The benefit fraud crack-down

There’s much sounds and fury signifying nothing regarding this story (see last post).

In the mix, however, is the voice of reason, from Big Brother Watch, which explains why even those of us who are sick of benefit cheats should oppose the scheme the ConDems have planned.


The papers today all carry a story which first broke last month – the proposed use of credit rating agencies like Experian to catch people committing benefit fraud.

This is a very bad idea. Nobody approves of benefit cheats. But mining private data on a routine basis on the off-chance of catching people out is a disproportionate invasion of privacy.

There’s a presumption of innocence in this country, and trawling everyone’s credit data and treating us all as suspects brings that into question. Furthermore, there is or should be a bright line between the state and the private sector.

Taking powers of legal investigation and enforcement which ought to sit with the state, and granting them to private organisations, blurs that line. Worse still, if profit-making companies are rewarded by the number of people they catch they will have a perverse incentive to sling accusations in any even marginally plausible case – because they’ll have nothing to lose and potentially something to gain in the smearing.

Ultimately, it’s probably not in the interests of the companies either. People will be far less likely to comply with their requirements in the future if it’s known that one risks such intrusion in doing so.

Credit agencies should think carefully about effectively becoming enforcers for the state, compromising private information they’ve accumulated about people.

By Alex Deane

That’s not the only reason, by the way.

Mr Cameron will also call on members of the public to report suspected cheats

Ah – so that’s going to be how the big society works is it? By encouraging more curtain-twitching, snooping and reporting?

A guaranteed provider of community cohesion and mutual trust, that.

Have a biscuit, Dave.


UPDATE: Words from the excellent Ed West at the Tellygiraffe:


And.. blow me down with a vigorously wafted mackerel, from Tom Harris, of all people.

And Grauniad’s Liberty Central.


8 thoughts on “The benefit fraud crack-down

  1. Don’t tax officials already have the skills to do ‘lifestyle analysis’? I’m pretty sure they do.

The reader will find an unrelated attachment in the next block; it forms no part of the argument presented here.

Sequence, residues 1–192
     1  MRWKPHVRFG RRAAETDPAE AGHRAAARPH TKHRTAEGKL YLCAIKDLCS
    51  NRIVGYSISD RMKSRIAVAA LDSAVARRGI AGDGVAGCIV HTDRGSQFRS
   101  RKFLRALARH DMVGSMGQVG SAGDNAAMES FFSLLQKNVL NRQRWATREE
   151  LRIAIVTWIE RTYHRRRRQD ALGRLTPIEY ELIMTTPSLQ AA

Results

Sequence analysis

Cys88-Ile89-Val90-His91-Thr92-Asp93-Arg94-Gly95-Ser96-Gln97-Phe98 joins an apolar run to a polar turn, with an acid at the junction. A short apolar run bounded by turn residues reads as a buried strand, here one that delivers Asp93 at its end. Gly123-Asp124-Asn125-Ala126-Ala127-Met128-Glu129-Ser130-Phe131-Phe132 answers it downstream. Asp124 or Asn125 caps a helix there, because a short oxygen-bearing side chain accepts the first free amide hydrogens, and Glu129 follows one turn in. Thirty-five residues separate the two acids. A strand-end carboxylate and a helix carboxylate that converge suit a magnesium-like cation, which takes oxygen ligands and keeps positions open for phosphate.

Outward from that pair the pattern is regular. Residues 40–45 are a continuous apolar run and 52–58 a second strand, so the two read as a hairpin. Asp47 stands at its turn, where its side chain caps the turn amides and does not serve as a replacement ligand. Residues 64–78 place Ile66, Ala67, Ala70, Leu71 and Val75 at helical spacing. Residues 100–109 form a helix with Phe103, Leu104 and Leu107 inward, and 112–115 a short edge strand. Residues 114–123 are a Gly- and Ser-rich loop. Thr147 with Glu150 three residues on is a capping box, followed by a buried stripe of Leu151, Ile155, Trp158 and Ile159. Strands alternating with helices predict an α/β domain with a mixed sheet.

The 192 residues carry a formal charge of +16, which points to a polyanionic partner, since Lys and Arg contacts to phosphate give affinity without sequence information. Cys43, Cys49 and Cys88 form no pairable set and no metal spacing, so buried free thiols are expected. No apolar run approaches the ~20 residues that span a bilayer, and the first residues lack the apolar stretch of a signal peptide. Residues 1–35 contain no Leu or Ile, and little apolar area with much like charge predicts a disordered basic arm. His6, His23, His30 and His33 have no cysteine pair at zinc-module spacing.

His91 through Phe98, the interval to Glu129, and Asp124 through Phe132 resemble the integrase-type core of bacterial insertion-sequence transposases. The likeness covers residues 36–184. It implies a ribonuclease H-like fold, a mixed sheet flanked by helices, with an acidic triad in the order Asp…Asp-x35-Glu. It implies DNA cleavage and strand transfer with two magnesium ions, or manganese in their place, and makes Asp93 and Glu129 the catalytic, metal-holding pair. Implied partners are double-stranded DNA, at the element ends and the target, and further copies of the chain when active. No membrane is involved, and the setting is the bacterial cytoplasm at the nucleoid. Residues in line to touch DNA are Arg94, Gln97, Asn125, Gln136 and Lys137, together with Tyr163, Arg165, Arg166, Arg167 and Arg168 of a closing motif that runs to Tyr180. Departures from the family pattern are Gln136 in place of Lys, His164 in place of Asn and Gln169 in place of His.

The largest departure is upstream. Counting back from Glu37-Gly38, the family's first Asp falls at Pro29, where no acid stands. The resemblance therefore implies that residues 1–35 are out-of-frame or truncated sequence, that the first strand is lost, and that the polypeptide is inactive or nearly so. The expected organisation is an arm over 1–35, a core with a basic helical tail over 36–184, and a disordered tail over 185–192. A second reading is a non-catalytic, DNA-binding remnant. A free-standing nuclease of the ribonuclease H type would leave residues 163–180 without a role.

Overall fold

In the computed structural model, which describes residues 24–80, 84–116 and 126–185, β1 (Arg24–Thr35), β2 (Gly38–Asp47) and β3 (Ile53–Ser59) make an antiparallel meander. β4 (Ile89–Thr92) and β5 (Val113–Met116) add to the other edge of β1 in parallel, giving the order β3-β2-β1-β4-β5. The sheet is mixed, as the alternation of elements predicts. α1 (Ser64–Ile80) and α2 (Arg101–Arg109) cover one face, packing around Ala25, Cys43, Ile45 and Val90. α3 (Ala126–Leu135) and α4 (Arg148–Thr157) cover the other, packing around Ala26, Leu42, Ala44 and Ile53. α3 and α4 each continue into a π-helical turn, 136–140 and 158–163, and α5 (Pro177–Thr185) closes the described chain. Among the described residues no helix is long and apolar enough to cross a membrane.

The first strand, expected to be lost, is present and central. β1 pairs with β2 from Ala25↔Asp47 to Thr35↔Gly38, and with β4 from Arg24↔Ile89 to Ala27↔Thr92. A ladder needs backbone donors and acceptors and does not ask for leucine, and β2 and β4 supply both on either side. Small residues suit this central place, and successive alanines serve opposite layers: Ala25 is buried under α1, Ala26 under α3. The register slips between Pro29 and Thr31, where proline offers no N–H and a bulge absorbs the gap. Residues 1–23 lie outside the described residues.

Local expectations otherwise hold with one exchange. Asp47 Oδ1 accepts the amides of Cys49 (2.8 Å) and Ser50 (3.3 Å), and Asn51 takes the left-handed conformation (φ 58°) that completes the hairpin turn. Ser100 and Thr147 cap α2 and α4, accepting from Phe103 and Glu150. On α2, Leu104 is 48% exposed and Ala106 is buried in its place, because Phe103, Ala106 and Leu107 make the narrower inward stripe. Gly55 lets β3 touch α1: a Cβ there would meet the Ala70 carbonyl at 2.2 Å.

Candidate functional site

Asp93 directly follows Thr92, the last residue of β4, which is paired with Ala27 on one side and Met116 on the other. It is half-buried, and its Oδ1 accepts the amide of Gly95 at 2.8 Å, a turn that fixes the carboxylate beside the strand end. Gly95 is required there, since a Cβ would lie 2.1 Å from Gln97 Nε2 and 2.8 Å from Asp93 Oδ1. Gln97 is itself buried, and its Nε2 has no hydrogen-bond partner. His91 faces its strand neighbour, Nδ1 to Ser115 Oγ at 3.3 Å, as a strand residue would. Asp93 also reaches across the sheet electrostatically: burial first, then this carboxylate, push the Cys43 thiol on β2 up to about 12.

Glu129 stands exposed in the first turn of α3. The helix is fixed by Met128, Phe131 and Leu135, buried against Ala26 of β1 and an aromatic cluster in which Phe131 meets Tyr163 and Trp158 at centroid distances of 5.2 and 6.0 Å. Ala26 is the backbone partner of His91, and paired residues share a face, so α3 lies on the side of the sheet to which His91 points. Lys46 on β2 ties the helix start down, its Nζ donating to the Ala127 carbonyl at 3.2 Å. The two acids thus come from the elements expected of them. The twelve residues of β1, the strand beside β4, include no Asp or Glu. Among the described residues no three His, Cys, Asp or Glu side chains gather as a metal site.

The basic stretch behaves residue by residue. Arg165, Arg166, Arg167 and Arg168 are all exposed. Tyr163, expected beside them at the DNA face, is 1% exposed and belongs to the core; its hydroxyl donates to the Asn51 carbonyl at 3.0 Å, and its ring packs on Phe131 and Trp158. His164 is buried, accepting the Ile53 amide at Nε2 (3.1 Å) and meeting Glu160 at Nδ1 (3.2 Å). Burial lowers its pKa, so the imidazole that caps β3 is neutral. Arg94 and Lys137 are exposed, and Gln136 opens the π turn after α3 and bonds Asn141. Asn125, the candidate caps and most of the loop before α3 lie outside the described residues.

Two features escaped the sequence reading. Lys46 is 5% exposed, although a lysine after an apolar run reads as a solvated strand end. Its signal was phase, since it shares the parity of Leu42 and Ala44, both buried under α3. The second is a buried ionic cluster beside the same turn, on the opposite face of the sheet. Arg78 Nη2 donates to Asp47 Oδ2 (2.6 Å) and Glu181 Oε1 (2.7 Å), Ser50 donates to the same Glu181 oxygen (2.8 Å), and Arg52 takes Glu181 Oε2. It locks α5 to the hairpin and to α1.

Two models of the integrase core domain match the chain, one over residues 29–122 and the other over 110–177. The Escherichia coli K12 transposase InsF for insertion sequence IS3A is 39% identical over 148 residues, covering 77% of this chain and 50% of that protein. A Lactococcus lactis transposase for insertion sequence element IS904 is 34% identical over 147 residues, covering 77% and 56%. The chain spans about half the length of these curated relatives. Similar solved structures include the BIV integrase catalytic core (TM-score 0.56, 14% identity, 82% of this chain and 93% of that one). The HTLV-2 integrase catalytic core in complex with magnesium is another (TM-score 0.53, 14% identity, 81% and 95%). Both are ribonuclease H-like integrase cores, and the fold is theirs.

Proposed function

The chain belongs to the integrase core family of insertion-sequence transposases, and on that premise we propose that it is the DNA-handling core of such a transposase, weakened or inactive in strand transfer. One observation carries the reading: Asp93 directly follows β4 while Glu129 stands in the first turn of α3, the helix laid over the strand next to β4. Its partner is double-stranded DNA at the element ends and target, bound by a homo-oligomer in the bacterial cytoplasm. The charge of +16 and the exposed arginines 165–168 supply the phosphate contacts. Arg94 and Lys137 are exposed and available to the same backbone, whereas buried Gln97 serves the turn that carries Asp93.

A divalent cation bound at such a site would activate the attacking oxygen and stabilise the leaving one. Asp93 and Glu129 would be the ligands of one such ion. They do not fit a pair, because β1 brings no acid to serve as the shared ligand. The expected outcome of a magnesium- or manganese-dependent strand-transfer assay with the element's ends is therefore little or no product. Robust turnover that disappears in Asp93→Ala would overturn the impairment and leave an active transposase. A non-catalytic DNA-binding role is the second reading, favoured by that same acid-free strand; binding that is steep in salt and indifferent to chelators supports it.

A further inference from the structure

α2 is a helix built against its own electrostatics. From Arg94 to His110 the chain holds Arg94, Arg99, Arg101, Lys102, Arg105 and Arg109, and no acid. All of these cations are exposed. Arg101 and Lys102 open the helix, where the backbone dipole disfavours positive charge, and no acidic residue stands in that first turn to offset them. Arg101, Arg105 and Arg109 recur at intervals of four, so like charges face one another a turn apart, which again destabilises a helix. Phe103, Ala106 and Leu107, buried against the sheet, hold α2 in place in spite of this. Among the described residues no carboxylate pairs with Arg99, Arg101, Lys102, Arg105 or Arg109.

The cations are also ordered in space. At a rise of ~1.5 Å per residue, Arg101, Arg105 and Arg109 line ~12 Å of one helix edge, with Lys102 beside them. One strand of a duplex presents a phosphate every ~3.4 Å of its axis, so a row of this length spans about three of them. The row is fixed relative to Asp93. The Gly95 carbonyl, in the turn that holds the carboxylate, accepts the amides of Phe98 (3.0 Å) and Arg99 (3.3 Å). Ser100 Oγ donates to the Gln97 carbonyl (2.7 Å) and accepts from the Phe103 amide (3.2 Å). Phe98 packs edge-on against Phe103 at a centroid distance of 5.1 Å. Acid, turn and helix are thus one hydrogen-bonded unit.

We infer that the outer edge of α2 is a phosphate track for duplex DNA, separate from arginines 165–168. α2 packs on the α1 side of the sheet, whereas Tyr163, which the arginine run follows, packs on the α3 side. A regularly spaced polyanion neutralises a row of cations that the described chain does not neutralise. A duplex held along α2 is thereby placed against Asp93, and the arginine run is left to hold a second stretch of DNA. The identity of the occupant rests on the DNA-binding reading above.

So why not just have them do more of it, since we’re paying them anyway?

  2. Can’t see the problem with bounty hunters – that would be an excellent idea. But allowing the benfits office access to all that private information unrelated to the actual issuing of benefits – bad idea.

    • This all turns on whether you think all welfare recipients are undeserving scroungers.

      Lots of them may well be, but not all of them.

  3. Hence the need to look more closely at lifestyle.

    Take the case of the couple with 11 kids in the ‘Mail’ today – lots of references to their huge haul of luxury goods ( including, rather amusingly, ‘luxury parrots’..) as they moved house.

  4. Grudgingley I’d have to concur that not all benefit claimants are worthless scroungers, and if iDave the new court jester had thought this through it would have been obvious that contracting this task out to what will inevitably be nothing more than a collection of knuckle dragging mouth breathers will result only in the easy targets being concentrated on – as no doubt they will be paid on results.

    I had at least some hope for iDave & chums, but it appears that I’m going to be disappointed – again!

  5. In my mind, the likes of Experian etc. pry too much into the population’s affairs already; by what or on the authority of whom can they circumvent the data protection act and offer my details for sale to anyone who wants to pay for it?

    More Big Brother

    • Agreed, which is why, as well as not having any ‘loyalty cards’, I don’t pay with credit or debit cards wherever possible.

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